This press tour was admittedly light on parties – CBS and NBC did not have stars parties – but here are my impressions:
July 24: National Geographic Channels party, Waldorf Astoria rooftop deck (3 out of 4 cocktails): A nice, relaxing way to arrive at TCA and catch up with Nat Geo publicists, one of the key benefits of attending tour (putting a face to the name of your PR contacts). For some reason I never figured out, cast members from History’s canceled “Six” were in attendance but I didn’t bump into any Nat Geo stars.
July 26: Hallmark stars party, Beverly Hills private home (2 out of 5 cocktails): As in the past, Hallmark's party is like the fanciest, most expensive wedding reception you've never been invited to. But this time it was even less press-friendly than usual. Tickler sheets showing the faces of stars expected to attend were on a table near the entrance but when I tried to grab one I was told I could not. Some of the stars I recognized on my own but others? Not so much. Another Hallmark party, more missed opportunities for coverage.
July 29: Netflix Adult Animation Cocktail Party, Beverly Hilton pool deck (2 out of 5): Nick Kroll (“Big Mouth”) eventually showed up but not until late. Artists from “Disenchantment” did drawings but there wasn’t much work to be done.
July 28: Netflix “Glow” For Your Consideration party, World of Wheels, Los Angeles (2 of 5): Netflix invited TV critics to this FYC party trying to drum up Emmy votes for “Glow” although the event was also open to the public, encouraging folks to dress in ‘80s duds. No real opportunity to interview the stars but fun to see what a FYC event is like. Fear of a broken ankle prevented me from strapping on skates and hitting the rink.
July 30: PBS’s "Great Performances" “Broadway’s Best,” Beverly Hills Ballroom, Beverly Hilton (2 out of 5): Broadway stars Kate Baldwin, Liz Callaway and Tony Yazbeck, who once attended Point Park University, performed a medley of Broadway hits but they were unattached to any particular PBS show, so there was no press conference, which means, while entertaining, it wasn’t anything useable.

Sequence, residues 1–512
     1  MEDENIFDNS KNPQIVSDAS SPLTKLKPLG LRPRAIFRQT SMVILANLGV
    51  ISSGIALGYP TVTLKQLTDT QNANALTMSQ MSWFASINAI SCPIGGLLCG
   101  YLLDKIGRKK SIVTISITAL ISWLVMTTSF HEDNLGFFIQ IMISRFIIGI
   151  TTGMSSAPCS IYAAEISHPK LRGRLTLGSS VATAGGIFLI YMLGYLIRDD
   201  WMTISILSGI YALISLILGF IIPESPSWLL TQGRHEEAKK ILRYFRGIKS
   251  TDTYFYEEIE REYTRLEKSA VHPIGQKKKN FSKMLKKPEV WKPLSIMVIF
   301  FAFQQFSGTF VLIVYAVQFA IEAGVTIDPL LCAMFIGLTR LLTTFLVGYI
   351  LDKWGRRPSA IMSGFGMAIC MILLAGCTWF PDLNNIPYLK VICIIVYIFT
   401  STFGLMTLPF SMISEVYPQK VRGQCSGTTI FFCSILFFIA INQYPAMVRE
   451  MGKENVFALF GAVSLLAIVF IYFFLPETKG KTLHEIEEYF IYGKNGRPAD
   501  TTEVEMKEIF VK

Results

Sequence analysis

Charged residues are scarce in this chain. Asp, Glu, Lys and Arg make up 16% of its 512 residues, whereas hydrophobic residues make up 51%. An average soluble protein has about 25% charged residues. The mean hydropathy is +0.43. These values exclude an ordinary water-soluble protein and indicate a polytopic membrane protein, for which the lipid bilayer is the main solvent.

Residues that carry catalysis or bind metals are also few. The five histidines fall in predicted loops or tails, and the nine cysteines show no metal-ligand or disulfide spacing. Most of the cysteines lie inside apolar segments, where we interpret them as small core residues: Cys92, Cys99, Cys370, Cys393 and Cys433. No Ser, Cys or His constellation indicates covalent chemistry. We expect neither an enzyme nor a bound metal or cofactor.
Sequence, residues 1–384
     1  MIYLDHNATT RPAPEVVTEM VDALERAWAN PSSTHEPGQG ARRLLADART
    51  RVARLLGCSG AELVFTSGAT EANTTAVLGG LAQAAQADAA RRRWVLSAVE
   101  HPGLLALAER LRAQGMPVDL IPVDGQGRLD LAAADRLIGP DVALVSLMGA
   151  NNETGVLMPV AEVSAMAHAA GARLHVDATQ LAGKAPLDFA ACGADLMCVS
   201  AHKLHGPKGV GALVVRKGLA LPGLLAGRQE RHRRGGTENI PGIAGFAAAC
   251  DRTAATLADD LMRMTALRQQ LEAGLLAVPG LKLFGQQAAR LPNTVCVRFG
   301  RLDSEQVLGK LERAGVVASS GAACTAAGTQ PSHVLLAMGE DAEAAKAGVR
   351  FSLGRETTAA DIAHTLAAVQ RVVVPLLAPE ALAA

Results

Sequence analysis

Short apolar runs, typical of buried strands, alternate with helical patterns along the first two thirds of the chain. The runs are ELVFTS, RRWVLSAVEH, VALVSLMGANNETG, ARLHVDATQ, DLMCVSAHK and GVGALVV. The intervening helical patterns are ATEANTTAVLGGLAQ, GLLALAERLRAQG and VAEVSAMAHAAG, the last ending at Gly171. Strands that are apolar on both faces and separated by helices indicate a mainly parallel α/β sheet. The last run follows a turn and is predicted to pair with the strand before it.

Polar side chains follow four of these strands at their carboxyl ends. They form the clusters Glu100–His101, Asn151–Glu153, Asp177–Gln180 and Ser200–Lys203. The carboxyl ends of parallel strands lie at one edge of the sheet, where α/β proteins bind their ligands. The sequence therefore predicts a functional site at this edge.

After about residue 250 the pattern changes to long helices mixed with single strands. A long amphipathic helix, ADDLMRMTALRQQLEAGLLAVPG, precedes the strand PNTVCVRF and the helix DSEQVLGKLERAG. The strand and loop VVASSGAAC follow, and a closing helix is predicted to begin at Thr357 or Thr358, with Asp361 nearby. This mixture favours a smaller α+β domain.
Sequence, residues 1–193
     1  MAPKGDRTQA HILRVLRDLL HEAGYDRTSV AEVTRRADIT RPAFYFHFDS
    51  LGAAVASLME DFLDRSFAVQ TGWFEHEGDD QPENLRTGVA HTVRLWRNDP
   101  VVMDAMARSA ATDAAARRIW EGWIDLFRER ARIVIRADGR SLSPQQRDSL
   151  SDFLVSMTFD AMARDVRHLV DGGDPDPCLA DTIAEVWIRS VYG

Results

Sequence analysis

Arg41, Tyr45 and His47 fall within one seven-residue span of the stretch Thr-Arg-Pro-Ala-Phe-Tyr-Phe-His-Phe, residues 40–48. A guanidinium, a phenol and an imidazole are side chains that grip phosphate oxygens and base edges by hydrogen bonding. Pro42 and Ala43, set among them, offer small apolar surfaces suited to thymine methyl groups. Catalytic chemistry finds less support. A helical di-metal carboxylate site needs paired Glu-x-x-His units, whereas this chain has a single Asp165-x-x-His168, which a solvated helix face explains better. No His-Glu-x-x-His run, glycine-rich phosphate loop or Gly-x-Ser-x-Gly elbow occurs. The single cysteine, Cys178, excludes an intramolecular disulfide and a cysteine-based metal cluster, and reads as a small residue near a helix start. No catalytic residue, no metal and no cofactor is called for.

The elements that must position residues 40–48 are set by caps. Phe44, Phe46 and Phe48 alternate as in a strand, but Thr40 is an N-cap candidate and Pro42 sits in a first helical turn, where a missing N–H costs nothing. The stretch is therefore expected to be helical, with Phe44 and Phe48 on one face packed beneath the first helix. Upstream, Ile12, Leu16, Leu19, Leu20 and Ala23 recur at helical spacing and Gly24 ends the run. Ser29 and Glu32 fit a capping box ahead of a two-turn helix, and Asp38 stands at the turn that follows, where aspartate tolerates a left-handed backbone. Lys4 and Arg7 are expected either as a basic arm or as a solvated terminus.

Aug. 2: Fox Stars party, Soho House, West Hollywood (4 out of 5): Too loud, too crowded, but, hey, that’s a Fox stars party. As difficult as it was to work, it was better than no party because Fox actually turned out some of its talent. I chatted with Matt Czuchry of “The Resident” and producers from “Lethal Weapon” and “The Gifted.” I saw "Last Man Standing" star Tim Allen (at left with Kelsey Grammer of midseason drama "Proven Innocent") leaving but never saw Grammer through the crowd.
Aug. 3: FX stars cocktail reception, Stardust Lounge, The Beverly Hilton (3 out of 5): Cast members from “Mayans M.C.” and “Pose” (though I never saw Billy Porter) mingled with FX executives and TV critics. I chatted with J.D. Pardo of “Mayans” to figure out how they do flashbacks where his character has no goatee (knowing he could not shave and grow it back quickly enough given the constraints of a TV production schedule). Turns out, they apply some makeup on his goatee and then digitally erase it entirely in post-production.
Aug. 7: ABC All-Star Party, Beverly Hills Ballroom, The Beverly Hilton (4 out of 5): Wow, what a super-frustrating day. ABC abandoned four decades of tradition by forgoing an executive press conference (NBC will do the same tomorrow), told me the network's entertainment president wouldn't be doing 1:1s and would only be available at the stars party, then gave 1:1s to trade press through the afternoon. The head of publicity said ABC Entertainment president Channing Dungey would "be here all day, including at the party, and looks forward to connecting on an informal basis," which, since I'd been told no 1:1s until the party, I took to mean we'd still have to wait for the party. I don't often get mad on the job but I was kind of furious when 1:1 interviews started popping up on Hollywood trade websites throughout the afternoon. Trade publications get preferential treatment and are fed "scoops" and "exclusives" by the networks 24/7/365. Network TCA days -- two days per year! -- are supposed to be an opportunity for all reporters who cover television to be on the same playing field. ABC violated that norm. I eventually got my time with Channing Dungey during the party after a 30-minute wait when I could have been interviewing ABC talent for other stories. After that I did talk to "Kids Are Alright" stars Mary McCormack and Michael Cudlitz and then my anger headache got the better of me and I was ready to call it a TCA.